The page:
"Data-Driven Thinking" is written by members of the media community and contains fresh ideas on the digital revolution in media.
Today’s column is written by Milen Mahadevan, senior vice president and head of client solutions and capabilities at 84.51°.
Data is amazing. It will transform your business and create demand by connecting with customers better. Data can help fulfill demand better. It can realize new levels of efficiency and can create entirely new streams of revenue.
Companies and entire industries are focused on “datafying” everything and anything, amassing and hoarding as much data as possible in the hope that it can be leveraged to create value somewhere in the business. Everyone seems to have an angle on data. Yet few are asking about the “customer” angle on data.
How do customers feel about data?
That is leading to uncomfortable dialogues over who has “control” over it. Government regulation is coming into play, especially with customer behavior and activity data.
You can collect data. You can use it. But it is critically important to also think about how customers feel about it. Do they understand how it is being used? Were they able to opt in or out?
The perfect solution isn’t truly perfect if it breeds distrust and negative sentiment. To address this need, many companies are developing or redeveloping their privacy policies, building preference centers for customers to opt in or out, while also investing in new data and security technologies.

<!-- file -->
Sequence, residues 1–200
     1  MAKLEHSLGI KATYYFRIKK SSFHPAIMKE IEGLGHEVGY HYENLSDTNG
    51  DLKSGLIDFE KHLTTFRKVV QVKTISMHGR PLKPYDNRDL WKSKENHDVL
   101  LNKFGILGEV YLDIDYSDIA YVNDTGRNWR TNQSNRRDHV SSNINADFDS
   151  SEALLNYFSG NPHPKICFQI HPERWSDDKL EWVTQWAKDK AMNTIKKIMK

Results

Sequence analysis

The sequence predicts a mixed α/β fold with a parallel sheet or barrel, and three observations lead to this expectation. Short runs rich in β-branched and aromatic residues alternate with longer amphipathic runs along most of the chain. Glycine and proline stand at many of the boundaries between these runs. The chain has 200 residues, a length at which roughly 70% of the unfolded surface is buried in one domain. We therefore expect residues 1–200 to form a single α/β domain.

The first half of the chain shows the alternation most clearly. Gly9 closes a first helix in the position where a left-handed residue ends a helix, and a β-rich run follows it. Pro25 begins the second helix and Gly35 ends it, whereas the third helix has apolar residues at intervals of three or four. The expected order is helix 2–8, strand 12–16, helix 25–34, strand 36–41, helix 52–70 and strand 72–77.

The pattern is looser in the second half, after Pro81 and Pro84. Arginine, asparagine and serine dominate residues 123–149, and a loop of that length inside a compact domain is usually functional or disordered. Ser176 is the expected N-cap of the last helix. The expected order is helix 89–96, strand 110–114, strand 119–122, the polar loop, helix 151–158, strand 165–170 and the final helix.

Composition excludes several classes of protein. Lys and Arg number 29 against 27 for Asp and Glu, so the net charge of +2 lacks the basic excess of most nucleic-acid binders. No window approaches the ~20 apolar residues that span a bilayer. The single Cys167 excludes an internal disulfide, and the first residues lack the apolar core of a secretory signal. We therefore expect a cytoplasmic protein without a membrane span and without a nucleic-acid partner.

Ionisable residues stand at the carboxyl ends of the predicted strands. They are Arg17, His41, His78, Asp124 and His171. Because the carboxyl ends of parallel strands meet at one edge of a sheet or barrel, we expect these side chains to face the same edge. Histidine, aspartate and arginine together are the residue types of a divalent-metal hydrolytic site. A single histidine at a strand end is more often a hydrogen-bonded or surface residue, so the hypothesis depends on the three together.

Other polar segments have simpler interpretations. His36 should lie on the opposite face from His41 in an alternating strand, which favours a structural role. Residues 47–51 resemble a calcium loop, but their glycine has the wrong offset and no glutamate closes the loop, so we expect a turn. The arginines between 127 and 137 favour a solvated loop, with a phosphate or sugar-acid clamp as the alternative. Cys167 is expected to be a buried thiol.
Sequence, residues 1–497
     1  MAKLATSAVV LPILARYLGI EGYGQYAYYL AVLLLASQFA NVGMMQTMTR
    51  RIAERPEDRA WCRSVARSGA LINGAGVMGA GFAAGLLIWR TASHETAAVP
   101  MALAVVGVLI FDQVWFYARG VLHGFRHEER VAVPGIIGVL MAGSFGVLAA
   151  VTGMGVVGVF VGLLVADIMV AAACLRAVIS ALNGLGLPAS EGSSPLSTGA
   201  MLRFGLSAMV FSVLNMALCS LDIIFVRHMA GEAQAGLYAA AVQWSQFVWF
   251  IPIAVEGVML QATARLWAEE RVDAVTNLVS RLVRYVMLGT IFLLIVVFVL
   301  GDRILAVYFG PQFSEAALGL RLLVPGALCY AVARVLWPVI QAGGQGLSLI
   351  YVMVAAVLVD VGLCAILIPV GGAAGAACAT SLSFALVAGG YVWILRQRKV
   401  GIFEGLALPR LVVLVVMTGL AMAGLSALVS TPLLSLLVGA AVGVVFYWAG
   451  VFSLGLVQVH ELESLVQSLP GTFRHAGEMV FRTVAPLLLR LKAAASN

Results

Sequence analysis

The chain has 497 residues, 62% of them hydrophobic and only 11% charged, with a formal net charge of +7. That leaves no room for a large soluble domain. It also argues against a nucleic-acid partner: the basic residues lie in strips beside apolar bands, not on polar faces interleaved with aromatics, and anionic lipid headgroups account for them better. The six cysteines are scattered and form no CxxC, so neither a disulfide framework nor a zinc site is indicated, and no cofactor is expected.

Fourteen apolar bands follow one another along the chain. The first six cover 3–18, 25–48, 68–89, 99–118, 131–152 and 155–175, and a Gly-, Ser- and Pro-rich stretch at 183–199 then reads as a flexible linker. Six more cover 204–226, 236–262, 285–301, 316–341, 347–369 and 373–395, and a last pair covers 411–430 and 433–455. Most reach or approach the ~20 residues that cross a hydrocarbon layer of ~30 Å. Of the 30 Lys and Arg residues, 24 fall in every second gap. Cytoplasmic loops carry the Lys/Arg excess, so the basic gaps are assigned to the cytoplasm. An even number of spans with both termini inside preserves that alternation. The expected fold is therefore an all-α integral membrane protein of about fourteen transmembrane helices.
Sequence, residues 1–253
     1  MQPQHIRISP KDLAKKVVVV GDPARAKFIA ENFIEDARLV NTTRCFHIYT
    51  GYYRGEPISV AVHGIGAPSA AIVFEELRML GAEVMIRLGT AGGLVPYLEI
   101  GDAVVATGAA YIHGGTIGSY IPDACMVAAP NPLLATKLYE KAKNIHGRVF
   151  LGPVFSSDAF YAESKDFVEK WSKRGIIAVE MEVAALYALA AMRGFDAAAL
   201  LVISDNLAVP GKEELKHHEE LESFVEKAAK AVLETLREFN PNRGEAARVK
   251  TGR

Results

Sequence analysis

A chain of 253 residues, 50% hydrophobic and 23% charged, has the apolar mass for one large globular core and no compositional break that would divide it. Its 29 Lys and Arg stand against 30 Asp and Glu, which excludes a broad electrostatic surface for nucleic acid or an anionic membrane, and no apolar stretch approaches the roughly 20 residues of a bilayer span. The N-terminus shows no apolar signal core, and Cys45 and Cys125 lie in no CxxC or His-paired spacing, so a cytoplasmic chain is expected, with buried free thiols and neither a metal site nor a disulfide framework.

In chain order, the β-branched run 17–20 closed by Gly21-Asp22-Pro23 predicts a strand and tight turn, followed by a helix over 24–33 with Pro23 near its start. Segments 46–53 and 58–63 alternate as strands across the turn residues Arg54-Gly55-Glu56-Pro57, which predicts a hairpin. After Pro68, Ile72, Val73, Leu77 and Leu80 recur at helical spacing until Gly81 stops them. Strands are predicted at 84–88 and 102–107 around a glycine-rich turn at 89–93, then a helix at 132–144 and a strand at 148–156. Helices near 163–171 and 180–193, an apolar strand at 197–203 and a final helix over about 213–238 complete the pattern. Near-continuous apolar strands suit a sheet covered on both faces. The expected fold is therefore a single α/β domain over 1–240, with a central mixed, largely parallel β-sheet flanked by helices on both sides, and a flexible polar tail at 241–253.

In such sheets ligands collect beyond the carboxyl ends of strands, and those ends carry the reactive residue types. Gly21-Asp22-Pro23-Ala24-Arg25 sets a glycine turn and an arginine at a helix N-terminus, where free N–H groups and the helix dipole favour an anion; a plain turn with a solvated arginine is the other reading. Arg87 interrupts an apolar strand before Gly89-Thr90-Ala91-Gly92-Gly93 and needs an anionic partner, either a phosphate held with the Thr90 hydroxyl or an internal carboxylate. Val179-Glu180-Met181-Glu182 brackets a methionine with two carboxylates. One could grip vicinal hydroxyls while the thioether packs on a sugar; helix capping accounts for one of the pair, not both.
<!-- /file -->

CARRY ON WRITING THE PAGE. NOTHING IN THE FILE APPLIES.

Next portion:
It’s possible to use data solve problems and handle it in a responsible and respectful way, while building trust with customers. The most progressive companies are preparing themselves and the experiences they deliver to customers by setting the proper foundation, giving customers control and making their lives easier.
Solidify The Foundation
Hygiene factors are important, and companies shouldn’t ignore them. But companies must build with a strong foundation, which requires them to ensure that they have reviewed their data governance and security technologies.
They should use the golden rule. In every decision, marketers should ask themselves how to secure, enrich and use any element of customer data as if they were the customer. This must be a change in culture across the organization, from the IT team through to the marketing team, to include everyone and every decision. The technology may be cool, but would customers be OK with it?
Companies should make their privacy policies safe and easy to understand. Marketers should take the lead in adopting adopt progressive, strong policies that really protect customers. They should write it in way customers can actually understand to show customers that their data is held in high regard.
Transparency And Customer Control
By being transparent with what they are doing with data and providing customers with the ability to control its usage, marketers put the customer in control.